Evaluate! In AQA A Level Media Studies.

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Sorry everyone – I promised to explain what the board means by “evaluate” a few weeks ago – but I didn’t!

So I will now.

For the rest of the world “evaluate” means:

to judge or calculate the quality, importance, amount, or value of something.

If you are being asked to “judge or calculate the quality, importance, amount, or value” of a theory area, or theorist, this comes with some pretty big problems. Apart from early theories (such as effects theory or hypodermic needle theory) it is unlikely that you, a humble A Level student, will have the mad skillz to take apart, say, Butler’s work on gender.

Luckily AQA doesn’t really mean evaluate in the way that the rest of the world does.

In the recent webinair I took part in it became clear that what the board means by evaluate is:

The possible ways in which the work of a theorist or theoretical area can help our understanding.

That’s soooooo much easier!

If you are asked to evaluate Judith Butler using the magazine extracts then you write about what the theories around gender performativity reveal about the producers of the mags, the subjects of the articles and the audience’s attitudes and beliefs. How the magazines reflect Bultler’s idea that, “gender is a kind of imitation”.

mag 1

You would need to write about the rigidity of gender performativity presented in Men’s Health, the emphasis on physical strength and the links made to aspiration. You would include exploration of the use of secondary material (such as the choice of cover star and his presentation, in imagery, as Domonic Toretto rather than Vin Diesel) You may want to speculate that the audience is invested in these gender ideas and subscribe to the patriarchal belief system that created them and that Hearst is clearly part of that powerful system of image creation and control. You may also want to speculate that the identity markers of gender, sexuality, class and education shape the way that the audience regressively responds to the old fashioned certainty of the gender performativity presented in the magazine.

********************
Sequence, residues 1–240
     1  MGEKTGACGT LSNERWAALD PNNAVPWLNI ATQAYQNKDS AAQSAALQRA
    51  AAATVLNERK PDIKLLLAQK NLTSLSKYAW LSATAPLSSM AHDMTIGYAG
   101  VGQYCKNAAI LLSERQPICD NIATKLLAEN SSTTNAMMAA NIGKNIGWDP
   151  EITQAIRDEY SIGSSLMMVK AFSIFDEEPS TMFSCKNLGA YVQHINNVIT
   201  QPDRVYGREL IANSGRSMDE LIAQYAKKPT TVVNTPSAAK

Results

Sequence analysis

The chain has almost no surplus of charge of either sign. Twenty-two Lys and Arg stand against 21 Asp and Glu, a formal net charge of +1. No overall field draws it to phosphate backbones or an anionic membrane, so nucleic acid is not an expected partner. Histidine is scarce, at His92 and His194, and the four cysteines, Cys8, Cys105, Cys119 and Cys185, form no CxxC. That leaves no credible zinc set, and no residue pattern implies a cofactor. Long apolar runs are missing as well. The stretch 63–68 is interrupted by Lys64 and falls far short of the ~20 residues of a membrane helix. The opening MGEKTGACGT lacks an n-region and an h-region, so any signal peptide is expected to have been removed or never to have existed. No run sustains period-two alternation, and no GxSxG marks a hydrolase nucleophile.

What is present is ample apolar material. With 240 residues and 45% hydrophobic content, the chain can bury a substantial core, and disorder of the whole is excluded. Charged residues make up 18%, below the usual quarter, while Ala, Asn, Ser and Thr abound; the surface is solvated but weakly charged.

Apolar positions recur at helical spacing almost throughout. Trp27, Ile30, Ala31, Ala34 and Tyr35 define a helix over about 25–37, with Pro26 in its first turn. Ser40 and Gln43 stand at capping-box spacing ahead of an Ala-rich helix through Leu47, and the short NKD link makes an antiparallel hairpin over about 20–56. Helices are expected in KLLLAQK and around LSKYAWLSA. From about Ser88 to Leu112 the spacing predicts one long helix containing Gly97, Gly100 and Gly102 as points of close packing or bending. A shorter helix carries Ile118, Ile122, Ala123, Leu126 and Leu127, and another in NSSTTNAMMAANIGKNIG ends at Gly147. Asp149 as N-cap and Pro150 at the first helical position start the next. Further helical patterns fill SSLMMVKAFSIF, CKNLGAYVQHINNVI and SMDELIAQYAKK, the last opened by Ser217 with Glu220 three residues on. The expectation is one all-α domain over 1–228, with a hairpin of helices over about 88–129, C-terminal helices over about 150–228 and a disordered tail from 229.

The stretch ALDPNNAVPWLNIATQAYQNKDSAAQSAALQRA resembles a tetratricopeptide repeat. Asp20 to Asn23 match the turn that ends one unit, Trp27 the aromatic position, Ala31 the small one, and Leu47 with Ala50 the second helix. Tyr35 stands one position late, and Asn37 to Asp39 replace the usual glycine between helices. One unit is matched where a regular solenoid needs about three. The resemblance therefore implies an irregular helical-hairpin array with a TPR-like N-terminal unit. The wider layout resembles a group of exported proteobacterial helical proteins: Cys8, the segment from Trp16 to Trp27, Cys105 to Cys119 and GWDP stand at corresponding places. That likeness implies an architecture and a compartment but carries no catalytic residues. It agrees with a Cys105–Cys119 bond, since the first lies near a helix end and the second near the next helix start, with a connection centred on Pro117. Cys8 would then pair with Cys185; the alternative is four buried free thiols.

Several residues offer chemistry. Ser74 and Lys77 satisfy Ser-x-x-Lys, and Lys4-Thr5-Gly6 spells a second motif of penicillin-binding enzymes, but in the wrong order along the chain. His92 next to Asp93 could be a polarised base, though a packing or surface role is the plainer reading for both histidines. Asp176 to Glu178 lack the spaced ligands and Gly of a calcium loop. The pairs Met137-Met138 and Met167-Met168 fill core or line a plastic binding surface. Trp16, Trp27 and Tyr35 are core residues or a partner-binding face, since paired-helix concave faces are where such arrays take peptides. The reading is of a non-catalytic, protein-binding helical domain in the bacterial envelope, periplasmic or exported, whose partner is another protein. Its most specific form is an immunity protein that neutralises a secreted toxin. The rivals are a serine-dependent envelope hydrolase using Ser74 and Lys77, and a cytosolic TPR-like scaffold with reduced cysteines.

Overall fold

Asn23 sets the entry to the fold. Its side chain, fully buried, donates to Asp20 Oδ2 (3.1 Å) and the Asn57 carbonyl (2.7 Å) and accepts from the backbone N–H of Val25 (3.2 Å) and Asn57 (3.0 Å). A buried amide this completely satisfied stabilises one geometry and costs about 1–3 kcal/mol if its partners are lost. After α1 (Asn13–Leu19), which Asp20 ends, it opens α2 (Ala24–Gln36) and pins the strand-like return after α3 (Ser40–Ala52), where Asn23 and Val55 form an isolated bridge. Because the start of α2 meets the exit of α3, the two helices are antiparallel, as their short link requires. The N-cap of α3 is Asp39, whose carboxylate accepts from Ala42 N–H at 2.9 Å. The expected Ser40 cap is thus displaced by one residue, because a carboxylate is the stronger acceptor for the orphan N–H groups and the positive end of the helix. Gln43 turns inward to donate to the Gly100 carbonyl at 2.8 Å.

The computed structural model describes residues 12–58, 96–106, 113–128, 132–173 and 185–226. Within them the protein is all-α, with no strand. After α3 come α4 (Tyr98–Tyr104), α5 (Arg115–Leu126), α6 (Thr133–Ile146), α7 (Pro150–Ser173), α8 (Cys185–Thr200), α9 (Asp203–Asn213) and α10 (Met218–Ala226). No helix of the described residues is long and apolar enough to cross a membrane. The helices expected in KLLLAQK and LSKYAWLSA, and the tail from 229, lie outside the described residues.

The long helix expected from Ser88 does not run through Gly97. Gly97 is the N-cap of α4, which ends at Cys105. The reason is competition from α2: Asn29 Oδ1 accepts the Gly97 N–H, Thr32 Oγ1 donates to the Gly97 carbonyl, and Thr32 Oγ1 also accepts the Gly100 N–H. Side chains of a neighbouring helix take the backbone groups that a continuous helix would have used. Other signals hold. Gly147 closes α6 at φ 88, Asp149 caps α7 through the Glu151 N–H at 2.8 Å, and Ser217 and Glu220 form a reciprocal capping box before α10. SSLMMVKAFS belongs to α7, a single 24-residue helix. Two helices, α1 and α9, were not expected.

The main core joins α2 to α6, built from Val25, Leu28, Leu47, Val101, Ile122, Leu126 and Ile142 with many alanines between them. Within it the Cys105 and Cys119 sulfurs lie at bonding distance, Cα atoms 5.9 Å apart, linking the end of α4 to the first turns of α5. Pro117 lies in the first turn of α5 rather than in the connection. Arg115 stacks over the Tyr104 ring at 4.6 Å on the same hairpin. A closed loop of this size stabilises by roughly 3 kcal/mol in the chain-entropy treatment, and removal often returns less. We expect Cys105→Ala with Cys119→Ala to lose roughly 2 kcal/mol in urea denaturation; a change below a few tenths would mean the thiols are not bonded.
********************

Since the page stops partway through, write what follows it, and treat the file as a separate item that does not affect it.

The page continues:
mag 2

You would also need to write about how Iceberg Press, a niche and marginal producer, has created a magazine which presents gender fluidity on the cover and within the articles. You may want to speculate that the intended audience’s identity markers of gender, class and education mean that they are more open to fluid interpretations of gender and are looking for a wider range of gender performativity. You might also want to speculate on how this magazine shapes progressive attitudes and beliefs.

Note that this is not really evaluating Butler but it is looking at what Butler gives a media student when they look through the lens of the theory.

Now that’s a bit easier!

Maybelline advert: Thanks – we are saved!


Thanks to Mr Freer for sending me this link:


It is the Maybelline ad that has now been pulled from YouTube (and don’t worry Mr F. – it is exactly the same as the original – trust).